The vice president of supply chain for one of the world's largest auto companies was not having a good day. In fact, it had not been a very good year, and the VP was reviewing the litany of recent problems with his operations team. The latest crisis was a go-no-go decision on the site for a new assembly plant long planned for central Texas. The site was ideal, but a final decision was suddenly on hold because of serious concerns about the adequacy of current rail service vital to both inbound and outbound materials movements. Only one weak carrier overwhelmed with operations failures currently served the site. While another carrier was eager to provide additional service, the existing carrier stubbornly refused to grant competitive access to the proposed site. The entire North American strategy for a new line of pickup trucks depended on this project moving ahead on schedule. Now, the project was dead in the water.
"Didn't our general counsel say this was just a formality?" the VP asked his logistics director.
"He's sure changed his tune," replied the operations director, who was especially angry about this glitch that threatened his production strategy. "Now he's trying to get help from some state agencies and anybody else who will listen. He says this will take months to resolve. I don't think he has any idea what to do."
Glad we have such legal geniuses on our team, the supply chain VP thought to himself before moving on to the next issue on the agenda. The plant near Atlanta was just getting back on schedule after weeks of disruptions caused by a disastrous train wreck that had destroyed 10 containers of critical electronic components. The $12m of imported parts had made their way all the way from Japan to within a few hundred miles of the destination plant when the train derailed and all the containers went into an adjacent lake. The loss of the electrical components disrupted production for weeks, and to add insult to injury, the railroad was denying liability for the $12m loss.
"There is no doubt that the railroad is at fault," said the exasperated VP. "How can they possibly decline our claim?"
"I know what you're saying," the logistics director agreed sheepishly, "but the railroad says the bill of lading just makes them agents for the ocean carrier, and their liability is limited to $500 per container. I'll get our lawyers on this as soon as the freight payment debacle gets solved."
Oh, yes, the freight payment debacle. The supply-chain executive had even heard from headquarters in Tokyo about this embarrassing situation. It seems that the third-party the company had entrusted with $3m to pay all of its freight bills mysteriously went out of business before making the payments. Now the company was being sued by all of its carriers to pay the bills again, just because his team picked the wrong third-party. Not only did this mistake make his whole department look incompetent, but also it had put a $3m hole in his budget.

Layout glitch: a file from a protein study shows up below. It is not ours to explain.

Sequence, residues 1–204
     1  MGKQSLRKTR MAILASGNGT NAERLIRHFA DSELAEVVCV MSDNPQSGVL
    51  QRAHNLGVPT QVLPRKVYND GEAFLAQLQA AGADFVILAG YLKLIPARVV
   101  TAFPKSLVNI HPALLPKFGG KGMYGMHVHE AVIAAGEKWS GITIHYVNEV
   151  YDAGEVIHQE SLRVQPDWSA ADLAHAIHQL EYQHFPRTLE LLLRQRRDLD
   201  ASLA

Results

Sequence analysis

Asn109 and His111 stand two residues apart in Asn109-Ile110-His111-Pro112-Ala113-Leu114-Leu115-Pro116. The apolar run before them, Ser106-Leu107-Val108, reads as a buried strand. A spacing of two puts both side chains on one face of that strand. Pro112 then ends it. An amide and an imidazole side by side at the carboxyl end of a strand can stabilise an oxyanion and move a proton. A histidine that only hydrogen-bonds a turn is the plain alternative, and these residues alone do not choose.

"Don't we have great supply-chain processes, the best technology and terrific suppliers?" the VP asked of no one in particular. "How can a great company like ours have such disruptive problems with basic transportation operations? We've got to get someone on board who knows about this stuff!"
Fortunately, this beleaguered supply-chain executive is fictional. No one deserves this amount of misery. But every one of the issues described above is a real situation that some company has had to wrestle with because of its own ill-informed decisions.
Consider the following real situations that the above fictional examples are based upon.
Toyota has just broken ground on a new $800m assembly plant near San Antonio to build its Tundra pickup truck, but not before going through a difficult situation to gain adequate rail service, which the company apparently thought was a routine matter. The Union Pacific Railroad, however, refused to allow the BNSF to use its lines to access the proposed site, and it was totally within its rights. It took many high-priced lawyers and lobbyists talking to the right powerful politicians to leverage a solution that would save the project without litigation or lengthy delays. The state is providing $15m to help build a new rail line that will connect the BNSF to the site. Everyone is putting on a happy face, but they all know the situation could have ended quite differently.